Currently reading my way through Phil Rickman's Merrily Watkins series. For those who don't know (and I didn't until November last), a single mother priest and 'deliverance minister' (read 'exorcist') confronts mysteries ancient and modern in rural Herefordshire. Complex, multi-faceted fiction that blends history, myth and faith in a unique blend. The dialogue and characterization are wonderful, though (IMO) the earlier novels suffer from too many ideas. As the series progresses, however, it 'deepens like a coastal shelf' to quote Philip Larkin.
Jo Nesbo: Cockroaches.
The second Harry Hole book is finally available in English and is well worh the wait.
Harry battles booze, his enemies in Norway and an ambassador's killers along with those who want to cover up the reasons for the murder in Bangkok.
A great read.
I sampled three books, each highly commended by others.
Kerry Greenwood, Phryne Fisher in URN BURIAL. This started like a very silly Agatha Christie. Couldn't abide the style and tossed it.
Stuart Neville, STOLEN SOULS. I might have read this or other books on the same subject: the slave trade with young Eastern women being forced into prostitution in England/Ireland. No longer interested in the subject.
Declan Hughes, ALL THE DEAD VOICES. Shamus winner. This is about the Irish troubles and people blowing each other up. It also involves sports. Sports are not for me. As for the other violence: this was a strangely boring account of such activities. Tossed again.
Where have all the good books gone?
These recommendations are based on your comments.
Try James Lee Burke. If you haven't sampled him already begin at the beginning - with Heaven's Prisoners and Neon Rain. Nobody writes crime more like a poet than Burke.
For literary efforts into the genre, read Motherless Brooklyn by Jonathan Lethem and Inherent Vice by Thomas Pynchon - particularly the former.
For feminine hardboiled, read Megan Abbott, particularly The End of Everything and Queenpin. I understand that her latest efforts are also excellent - Dare Me and The Fever - but I haven't got to them as yet.
Thumbs up from me for James Lee Burke.
I know James Lee Burke. He's a good writer, but I don't care for his settings. Again subjective.
For some reason, literary mysteries always leave me a tad disappointed. (see Umberto Eco)
Don't like feminine hardboiled. Very tired of female characters in male roles being twice as macho as the guys.
(Don't like feminie cozy either :) )
Consider the books I'd suggested (except perhaps Inherent Vice). You might change your mind.
Isn't everything subjective? Yet, we manage to share and agree sometimes...
Yes, indeed. Plus I'm incredibly picky and prefer foreign settings.
I read all of Robicheaux novels except the last three. Only two or three Holland novels. I don't like his earlier more 'serious' work. Well-written but boring to extreme. Better off reading Cormac McCarthy.
I agree with most of what you've written above. However, this applies mostly to any series that stays around a long time. Holland is a carbon copy of Robicheaux and, as such, not really satisfying. I do one thing with any genre author that I like. I read two or three works and then keep away from them for a year or longer.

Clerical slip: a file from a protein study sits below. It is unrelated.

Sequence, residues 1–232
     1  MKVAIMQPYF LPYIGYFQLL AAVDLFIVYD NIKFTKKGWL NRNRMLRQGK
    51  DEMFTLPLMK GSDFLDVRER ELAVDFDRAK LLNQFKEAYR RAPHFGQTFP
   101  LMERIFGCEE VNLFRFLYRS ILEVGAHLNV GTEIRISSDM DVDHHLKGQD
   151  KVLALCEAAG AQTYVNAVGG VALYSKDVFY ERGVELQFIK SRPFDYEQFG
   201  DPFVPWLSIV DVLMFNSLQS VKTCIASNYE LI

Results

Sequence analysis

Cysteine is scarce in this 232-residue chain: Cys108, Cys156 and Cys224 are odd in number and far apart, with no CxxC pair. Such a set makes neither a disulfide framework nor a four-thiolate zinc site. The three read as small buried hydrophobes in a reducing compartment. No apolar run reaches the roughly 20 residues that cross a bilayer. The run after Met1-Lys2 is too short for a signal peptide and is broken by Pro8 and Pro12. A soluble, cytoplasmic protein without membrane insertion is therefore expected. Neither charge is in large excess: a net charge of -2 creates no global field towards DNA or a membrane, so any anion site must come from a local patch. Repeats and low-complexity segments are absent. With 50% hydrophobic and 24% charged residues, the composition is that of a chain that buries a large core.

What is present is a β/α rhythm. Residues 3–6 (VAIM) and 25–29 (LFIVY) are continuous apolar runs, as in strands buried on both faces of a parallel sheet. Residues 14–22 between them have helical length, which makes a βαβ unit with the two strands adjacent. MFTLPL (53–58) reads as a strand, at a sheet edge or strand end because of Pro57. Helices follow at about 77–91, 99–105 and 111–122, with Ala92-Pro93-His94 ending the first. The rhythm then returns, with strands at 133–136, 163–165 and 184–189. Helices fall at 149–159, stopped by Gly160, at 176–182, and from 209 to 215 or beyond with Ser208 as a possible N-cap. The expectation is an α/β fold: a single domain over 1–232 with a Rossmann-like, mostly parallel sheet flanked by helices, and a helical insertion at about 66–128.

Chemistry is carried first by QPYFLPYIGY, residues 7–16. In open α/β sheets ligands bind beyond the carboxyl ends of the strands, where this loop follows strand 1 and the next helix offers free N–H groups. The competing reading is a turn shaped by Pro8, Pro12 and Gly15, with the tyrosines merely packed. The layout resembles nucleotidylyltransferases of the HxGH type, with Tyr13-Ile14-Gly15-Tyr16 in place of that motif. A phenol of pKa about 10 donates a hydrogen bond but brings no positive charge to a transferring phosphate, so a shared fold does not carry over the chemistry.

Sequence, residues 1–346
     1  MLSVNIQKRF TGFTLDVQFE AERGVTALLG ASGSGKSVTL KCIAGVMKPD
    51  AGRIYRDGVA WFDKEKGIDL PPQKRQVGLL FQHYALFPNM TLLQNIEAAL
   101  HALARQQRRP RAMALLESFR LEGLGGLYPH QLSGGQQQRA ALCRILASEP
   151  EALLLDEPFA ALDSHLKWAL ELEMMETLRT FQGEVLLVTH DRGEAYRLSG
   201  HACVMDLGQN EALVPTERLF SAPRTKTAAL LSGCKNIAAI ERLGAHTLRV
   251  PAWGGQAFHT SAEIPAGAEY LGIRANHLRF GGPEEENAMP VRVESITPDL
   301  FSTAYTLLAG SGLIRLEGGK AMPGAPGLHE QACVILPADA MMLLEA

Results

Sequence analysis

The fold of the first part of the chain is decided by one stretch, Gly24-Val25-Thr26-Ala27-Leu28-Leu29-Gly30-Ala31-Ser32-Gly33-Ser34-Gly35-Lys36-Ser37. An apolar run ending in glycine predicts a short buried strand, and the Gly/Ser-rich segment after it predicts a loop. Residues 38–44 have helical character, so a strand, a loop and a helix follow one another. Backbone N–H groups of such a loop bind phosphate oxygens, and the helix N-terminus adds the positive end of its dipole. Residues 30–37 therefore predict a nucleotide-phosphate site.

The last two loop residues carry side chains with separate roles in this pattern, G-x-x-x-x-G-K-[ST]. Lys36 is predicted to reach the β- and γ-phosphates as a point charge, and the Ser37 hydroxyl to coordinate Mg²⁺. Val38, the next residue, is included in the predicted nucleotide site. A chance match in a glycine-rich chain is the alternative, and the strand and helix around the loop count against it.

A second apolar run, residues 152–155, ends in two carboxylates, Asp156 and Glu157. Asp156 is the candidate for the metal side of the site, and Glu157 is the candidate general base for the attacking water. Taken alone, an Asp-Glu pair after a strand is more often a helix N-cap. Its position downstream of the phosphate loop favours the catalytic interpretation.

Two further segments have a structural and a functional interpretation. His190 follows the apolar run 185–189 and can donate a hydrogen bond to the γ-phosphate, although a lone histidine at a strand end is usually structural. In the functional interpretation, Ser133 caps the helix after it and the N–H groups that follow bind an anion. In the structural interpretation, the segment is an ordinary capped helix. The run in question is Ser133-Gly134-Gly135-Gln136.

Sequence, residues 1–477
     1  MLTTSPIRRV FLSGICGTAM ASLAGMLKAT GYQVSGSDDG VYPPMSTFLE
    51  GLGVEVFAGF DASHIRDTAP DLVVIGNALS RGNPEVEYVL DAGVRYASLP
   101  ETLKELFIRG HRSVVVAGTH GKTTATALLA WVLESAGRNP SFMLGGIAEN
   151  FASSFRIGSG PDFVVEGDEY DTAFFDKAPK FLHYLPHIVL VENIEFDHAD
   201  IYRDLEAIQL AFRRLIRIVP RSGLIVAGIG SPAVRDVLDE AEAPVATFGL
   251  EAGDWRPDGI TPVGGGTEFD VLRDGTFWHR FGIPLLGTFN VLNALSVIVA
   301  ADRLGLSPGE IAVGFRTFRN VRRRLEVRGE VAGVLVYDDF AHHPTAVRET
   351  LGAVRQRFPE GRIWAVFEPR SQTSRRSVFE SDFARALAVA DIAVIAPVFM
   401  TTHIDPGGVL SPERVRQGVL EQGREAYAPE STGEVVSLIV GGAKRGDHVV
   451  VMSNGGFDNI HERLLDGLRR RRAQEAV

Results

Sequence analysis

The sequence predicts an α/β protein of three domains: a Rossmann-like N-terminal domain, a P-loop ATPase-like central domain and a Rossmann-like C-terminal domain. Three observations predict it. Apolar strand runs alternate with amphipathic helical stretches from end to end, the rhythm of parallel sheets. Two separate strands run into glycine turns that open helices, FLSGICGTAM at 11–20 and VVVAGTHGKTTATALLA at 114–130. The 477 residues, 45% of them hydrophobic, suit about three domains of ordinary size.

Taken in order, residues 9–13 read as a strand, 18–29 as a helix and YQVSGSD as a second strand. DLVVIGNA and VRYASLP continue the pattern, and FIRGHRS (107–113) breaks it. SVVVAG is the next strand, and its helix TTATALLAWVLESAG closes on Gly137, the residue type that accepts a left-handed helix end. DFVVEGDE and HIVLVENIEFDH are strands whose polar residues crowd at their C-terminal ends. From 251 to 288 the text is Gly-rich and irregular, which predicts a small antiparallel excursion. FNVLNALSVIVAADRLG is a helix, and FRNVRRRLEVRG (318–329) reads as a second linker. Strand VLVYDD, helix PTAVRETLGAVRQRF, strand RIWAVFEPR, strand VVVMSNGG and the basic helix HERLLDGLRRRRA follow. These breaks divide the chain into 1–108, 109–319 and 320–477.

Try Dennis Lehane, if you haven't already. John Burdett was very interesting with the first three books in his Bangkok series. (I live partly in Bangkok. Nobody has captured the city better than Burdett, IMO.) Cara Black does good things with her Paris and female sleuth. But you'll remember not much after you go through the books.
Burke is a poet. He is a rich poet now and probably Robicheaux will die with him.
You'd remember after going through my books.
I like Burdett. Also like Hallinan. Tossed the most recent Qiu. Best of all the foreign locales: Andrea Camilleri.
Not sure if this is for me. It's been years. I've read maybe 5. Got really angry with the one where he makes charges of gross cruelty against some German naval vessel. The old Nazi propaganda.
But mostly I got tired of the same old same old: the adorable daughter, the house on the bayou, the wonderful black characters, Creole characters, any kind of characters. Ranging towards the sickeningly sweet.
He does do some lovely descriptions of scenery, though. That in the face of the dictum that no mystery must ever describe setting or weather.
Just finished Indridason's STRANGE SHORES. As usual atmospheric, it describes what Erlendur has been doing in eastern Iceland.
Now reading Qui Xiaolong's RED MANDARIN DRESS, same theme of the solution of a murder crime in the political context of Shanghai.
I've been thinking about what makes an above average mystery book. For me it is drawing characters who seem real, about whom you care what happens.
Maybe that's why I'm so impatient with American books which seem to be interested only in serial killer tales. The serial killer can't really be understood; the profile is bloodless.